4. Allen, the Chargers’ star wide receiver, leads the NFL in total targets (113) and targets per game (11.3). He’s finished games with 18 catches, 11 catches and 10 catches this season. He’s played over 85% of the Chargers’ offensive snaps in all but three games. In other words, he gets a lot of looks.

“I did notice that,” Harbaugh joked Wednesday.

As for who might stop Allen on Sunday? It depends partly on where the Chargers deploy him. Allen has lined up in the slot on 61.2% of his pass snaps this season, according to PFF, and out wide on the remainder. He’s plenty effective in both alignments, ranking 30th among NFL wide receivers in yards per slot route run and third in yards per outside route run, according to TruMedia.

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If cornerback Marlon Humphrey bounces back from the calf injury that sidelined him against Cincinnati, the Ravens’ secondary should be well prepared, wherever Allen ends up. A matchup against Kyle Hamilton could be especially compelling; the Ravens’ versatile safety has allowed just four catches on 11 targets for 16 yards in coverage as a slot defender this season, according to Sports Info Solutions. Just two of those catches, for a combined 7 yards, went to wide receivers.

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“He’s done it in this league a long time, long before I’ve been here, and still doing it today and at a high level,” Hamilton said Wednesday of Allen. “He’s super quick, very good route runner. He’s crisp, efficient with his route running. He’s a tough cover, but I think we’ve got a good plan.”

5. With the Chiefs’ loss Monday night to the Philadelphia Eagles, the 8-3 Ravens left Week 11 atop the AFC. But there’s little breathing room in the conference. Four teams, including Kansas City, are 7-3.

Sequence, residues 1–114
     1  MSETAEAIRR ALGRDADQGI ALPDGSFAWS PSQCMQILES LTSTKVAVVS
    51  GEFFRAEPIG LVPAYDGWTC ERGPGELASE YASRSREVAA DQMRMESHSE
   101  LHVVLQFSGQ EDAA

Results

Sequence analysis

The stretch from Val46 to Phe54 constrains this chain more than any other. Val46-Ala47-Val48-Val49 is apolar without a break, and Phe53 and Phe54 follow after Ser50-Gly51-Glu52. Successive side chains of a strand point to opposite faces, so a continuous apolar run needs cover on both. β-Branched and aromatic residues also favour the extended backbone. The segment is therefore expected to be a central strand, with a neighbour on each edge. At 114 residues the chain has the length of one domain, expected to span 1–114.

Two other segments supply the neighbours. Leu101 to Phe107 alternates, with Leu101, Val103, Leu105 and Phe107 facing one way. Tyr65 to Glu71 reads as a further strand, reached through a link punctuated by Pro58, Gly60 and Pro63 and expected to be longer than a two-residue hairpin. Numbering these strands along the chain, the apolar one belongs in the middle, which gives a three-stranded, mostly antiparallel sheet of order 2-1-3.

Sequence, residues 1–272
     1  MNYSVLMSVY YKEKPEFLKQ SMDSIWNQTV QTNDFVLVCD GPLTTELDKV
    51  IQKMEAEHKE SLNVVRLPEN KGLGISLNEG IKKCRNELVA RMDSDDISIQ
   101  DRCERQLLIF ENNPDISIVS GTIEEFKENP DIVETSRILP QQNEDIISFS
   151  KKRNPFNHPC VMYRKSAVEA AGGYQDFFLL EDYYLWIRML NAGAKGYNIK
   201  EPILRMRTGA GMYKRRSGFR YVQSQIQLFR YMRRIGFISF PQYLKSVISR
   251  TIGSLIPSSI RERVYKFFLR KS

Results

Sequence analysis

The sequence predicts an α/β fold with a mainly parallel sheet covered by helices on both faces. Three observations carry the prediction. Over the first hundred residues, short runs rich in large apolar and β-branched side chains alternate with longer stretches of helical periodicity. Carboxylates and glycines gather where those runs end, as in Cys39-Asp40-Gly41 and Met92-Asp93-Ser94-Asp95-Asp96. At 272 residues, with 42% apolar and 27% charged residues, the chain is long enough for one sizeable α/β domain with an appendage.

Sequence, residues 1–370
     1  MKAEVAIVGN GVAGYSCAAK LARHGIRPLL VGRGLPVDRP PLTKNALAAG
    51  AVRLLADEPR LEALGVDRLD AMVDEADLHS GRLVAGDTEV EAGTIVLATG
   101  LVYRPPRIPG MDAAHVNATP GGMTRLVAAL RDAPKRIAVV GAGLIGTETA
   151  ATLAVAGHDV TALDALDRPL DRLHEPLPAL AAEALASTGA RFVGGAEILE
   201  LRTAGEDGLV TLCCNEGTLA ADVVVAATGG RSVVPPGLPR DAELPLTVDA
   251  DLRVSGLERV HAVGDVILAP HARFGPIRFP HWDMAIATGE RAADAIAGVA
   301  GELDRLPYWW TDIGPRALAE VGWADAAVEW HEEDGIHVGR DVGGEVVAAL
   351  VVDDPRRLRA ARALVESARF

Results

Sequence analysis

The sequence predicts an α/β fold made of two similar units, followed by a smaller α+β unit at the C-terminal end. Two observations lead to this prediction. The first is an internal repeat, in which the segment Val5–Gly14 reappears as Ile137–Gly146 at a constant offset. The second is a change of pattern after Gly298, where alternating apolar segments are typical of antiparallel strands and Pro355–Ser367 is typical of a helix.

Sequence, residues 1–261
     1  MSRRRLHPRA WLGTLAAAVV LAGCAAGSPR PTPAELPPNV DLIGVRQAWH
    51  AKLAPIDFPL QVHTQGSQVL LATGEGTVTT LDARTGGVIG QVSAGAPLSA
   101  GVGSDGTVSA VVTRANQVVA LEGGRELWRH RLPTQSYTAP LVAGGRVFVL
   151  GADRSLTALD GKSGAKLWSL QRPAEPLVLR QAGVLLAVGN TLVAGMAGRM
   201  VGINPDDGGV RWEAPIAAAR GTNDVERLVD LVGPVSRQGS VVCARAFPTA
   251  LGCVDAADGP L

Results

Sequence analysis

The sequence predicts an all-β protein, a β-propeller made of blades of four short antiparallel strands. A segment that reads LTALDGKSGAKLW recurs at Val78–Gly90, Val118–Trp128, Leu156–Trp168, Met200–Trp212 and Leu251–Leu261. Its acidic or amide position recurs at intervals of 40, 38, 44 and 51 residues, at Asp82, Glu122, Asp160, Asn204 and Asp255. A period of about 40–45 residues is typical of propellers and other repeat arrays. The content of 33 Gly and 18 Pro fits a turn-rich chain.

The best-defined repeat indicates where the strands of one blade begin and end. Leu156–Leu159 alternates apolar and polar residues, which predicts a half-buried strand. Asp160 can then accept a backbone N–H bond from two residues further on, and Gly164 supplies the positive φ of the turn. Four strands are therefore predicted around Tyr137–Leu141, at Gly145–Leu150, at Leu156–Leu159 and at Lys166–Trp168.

“It’s where you want to be at this point, but it doesn’t mean anything until after the last game in terms of playoff seeding,” Harbaugh said Wednesday. “If you get the lead, keep the lead. I guess it means something in that sense. We control a certain amount of our destiny.”

Not much, though. Even if the Ravens run the table to end the season — a herculean challenge, considering they have the NFL’s hardest remaining schedule, according to FTN’s DVOA rankings — Kansas City would have the inside track to the No. 1 seed if it finished 14-3, too.

Because the Ravens and Chiefs won’t meet this regular season, their winning percentage in conference play would be their tiebreaker. The Ravens are 5-3 in the AFC and, after Sunday, still have in-conference games against the 7-3 Jacksonville Jaguars, 7-3 Miami Dolphins and 6-4 Pittsburgh Steelers. Kansas City is 5-1 in the AFC, and its toughest remaining conference games are against the 6-5 Buffalo Bills and the Chargers — both at home.

With December fast approaching, the Ravens are near locks to make the playoffs. But their bid for home-field advantage could turn into a long shot with a loss Sunday.

Jonas Shaffer is a Ravens beat writer for The Baltimore Banner. He previously covered the Ravens for The Baltimore Sun. Shaffer graduated from the University of Maryland and grew up in Silver Spring.